UPDATE 1-Onshore and offshore Thai baht converge, seen

SINGAPORE, March 3 (Reuters) - The Thai baht THB=TH weakened sharply in offshore trading on Monday to converge with its onshore value after capital controls were lifted, but traders said a few remaining limits on flows would stop the two markets merging completely.

Traders also said the Bank of Thailand was buying dollars to keep the onshore rate THB=TH at 31.50 per dollar, not far from Friday's close.

In the less liquid offshore market, the baht THB=W declined more than 4 percent to 31.5/6 per dollar, matching the onshore rate.

“Perhaps offshore traders think they’ve gone far enough and onshore dollar will now slip towards it. Really, it’s only a few pips,” said Sean Callow, a strategist at Westpac Bank.

“The BOT is smoothing the way down, but the direction is not in question.”

Still, traders said, there were hardly any deals being done involving both onshore and offshore segments.

Bank of Thailand Governor Tarisa Watanagase announced the removal of the controls on Friday, with effect from March 3.

They were imposed in December 2006 to check speculation on a rising baht, with heavy restrictions on how much money foreigners could bring into the country and a minimum period for most investments.

Those restrictions -- including a requirement that 30 percent of any transaction not related to trade or direct investment be left interest-free with the central bank -- created the two-tier baht market.

The spread between the two markets was as wide as 4 to 5 baht in mid-2007, but it narrowed gradually to as low as 0.9 baht last week as investors positioned for an imminent lifting of the controls.

Thailand elected a new government in December, restoring civilian rule following a military coup in September 2006.


The baht was was Asia’s top performer against the dollar in 2006 with a gain of 14 percent and the onshore baht gained 7 percent against the dollar in 2007.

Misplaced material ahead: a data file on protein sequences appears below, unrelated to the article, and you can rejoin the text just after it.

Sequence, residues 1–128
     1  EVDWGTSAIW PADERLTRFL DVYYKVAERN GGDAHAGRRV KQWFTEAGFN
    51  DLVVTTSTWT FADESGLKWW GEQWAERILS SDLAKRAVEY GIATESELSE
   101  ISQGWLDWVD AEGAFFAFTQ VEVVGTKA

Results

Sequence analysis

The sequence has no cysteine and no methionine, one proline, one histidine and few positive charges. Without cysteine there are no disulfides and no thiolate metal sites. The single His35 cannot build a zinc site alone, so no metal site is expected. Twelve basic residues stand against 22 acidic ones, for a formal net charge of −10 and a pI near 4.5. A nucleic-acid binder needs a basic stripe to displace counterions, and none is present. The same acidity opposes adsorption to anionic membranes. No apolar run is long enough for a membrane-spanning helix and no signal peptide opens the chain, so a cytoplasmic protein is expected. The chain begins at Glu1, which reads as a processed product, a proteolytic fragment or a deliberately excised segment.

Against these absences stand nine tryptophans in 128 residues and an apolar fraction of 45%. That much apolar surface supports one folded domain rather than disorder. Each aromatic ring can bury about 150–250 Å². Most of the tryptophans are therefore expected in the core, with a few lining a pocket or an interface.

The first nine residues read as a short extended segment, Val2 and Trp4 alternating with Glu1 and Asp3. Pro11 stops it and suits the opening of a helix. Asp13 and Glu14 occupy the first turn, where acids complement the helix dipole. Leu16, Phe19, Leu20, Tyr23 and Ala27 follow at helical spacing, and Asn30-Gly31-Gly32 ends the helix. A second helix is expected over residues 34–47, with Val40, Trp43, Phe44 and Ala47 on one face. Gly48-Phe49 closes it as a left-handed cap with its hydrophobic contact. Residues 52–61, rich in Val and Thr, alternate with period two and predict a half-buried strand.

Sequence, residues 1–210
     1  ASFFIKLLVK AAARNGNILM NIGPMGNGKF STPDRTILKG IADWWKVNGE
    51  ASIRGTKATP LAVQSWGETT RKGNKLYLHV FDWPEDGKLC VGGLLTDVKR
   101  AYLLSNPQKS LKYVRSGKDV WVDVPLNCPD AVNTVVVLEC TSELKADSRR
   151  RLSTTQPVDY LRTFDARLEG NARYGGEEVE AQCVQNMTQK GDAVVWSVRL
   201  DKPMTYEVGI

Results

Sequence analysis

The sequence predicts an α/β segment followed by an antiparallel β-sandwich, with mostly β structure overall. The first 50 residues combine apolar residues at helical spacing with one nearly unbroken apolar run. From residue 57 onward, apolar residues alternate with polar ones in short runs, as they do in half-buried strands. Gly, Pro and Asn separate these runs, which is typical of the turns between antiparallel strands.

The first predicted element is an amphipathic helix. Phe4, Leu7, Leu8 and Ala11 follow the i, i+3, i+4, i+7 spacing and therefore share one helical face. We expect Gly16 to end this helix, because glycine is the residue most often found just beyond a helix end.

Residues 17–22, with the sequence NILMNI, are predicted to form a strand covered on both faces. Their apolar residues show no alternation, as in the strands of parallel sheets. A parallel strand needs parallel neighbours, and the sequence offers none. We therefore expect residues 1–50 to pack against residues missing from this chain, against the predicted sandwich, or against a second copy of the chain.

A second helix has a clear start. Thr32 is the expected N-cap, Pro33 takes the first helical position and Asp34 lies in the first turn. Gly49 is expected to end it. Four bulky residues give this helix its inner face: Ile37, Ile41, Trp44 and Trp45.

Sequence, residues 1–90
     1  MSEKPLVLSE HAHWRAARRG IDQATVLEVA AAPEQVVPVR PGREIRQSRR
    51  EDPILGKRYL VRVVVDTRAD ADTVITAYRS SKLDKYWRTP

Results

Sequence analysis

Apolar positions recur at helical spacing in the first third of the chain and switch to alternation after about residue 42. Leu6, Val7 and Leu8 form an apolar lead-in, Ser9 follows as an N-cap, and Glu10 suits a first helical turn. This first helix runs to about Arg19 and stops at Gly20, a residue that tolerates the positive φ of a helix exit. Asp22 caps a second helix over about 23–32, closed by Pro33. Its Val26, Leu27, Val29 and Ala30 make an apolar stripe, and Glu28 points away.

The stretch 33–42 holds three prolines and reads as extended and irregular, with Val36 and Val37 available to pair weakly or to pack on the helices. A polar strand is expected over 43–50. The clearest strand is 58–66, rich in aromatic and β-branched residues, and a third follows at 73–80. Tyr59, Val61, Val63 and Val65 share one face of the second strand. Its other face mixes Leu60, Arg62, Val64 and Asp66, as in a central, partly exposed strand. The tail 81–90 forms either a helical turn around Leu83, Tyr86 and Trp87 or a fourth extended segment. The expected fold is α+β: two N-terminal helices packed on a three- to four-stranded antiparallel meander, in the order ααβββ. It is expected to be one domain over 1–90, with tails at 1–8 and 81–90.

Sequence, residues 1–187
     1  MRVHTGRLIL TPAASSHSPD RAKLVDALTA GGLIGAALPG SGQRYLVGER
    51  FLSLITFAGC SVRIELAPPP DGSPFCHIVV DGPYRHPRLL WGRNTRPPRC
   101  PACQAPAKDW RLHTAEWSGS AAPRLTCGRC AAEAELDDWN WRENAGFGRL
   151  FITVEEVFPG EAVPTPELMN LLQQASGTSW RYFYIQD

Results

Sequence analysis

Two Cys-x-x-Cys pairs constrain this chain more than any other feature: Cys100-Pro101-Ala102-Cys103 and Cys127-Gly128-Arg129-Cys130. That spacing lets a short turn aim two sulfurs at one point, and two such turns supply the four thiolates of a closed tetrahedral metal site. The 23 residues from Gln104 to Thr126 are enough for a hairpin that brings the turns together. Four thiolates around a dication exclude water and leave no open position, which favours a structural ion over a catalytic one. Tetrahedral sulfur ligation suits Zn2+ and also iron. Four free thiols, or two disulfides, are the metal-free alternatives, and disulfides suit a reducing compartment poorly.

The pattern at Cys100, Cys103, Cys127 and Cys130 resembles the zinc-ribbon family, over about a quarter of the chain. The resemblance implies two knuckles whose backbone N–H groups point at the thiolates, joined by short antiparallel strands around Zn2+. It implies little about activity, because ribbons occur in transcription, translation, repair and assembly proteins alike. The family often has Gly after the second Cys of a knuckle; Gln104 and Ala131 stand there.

While announcing the removal of capital controls, Tarisa also said the authorities had alternative measures to stabilise the baht.

For instance, the amount onshore players could borrow from non-residents was cut down, and the amount onshore players could lend to non-residents was increased six times.

“Divergences may still occur, such as offshore dollar/baht to trade significantly below onshore if dollar borrowing costs make funding onshore more expensive,” Claudio Piron of JPMorgan Chase said.

“This expense is transferred to the non-resident party with a more expensive offshore baht spot rate.”

The central bank also said the country would allow Thai companies to invest more offshore.

That seemed to indicate the central bank would keep a tight rein on the baht, bearing in mind the interests of Thai exporters, even if it has opened the doors once again to speculators and short-term investors.

Moreover, some economists expect the tide will turn against the baht as the arrival of the new democratic government boosts consumer and business sentiment and therefore spending on imports.

“Removal of capital controls may result in further appreciation in the exchange rate in the near term and reduce the gap between the onshore and offshore rate,” Morgan Stanley economist Chetan Ahya said in a note.

“However, we believe that over the next 4-6 months, higher domestic demand and higher imports should reduce the trade surplus significantly, helping the central bank manage exchange rate stability better.” (Reporting by Vidya Ranganathan; Editing by Alan Raybould)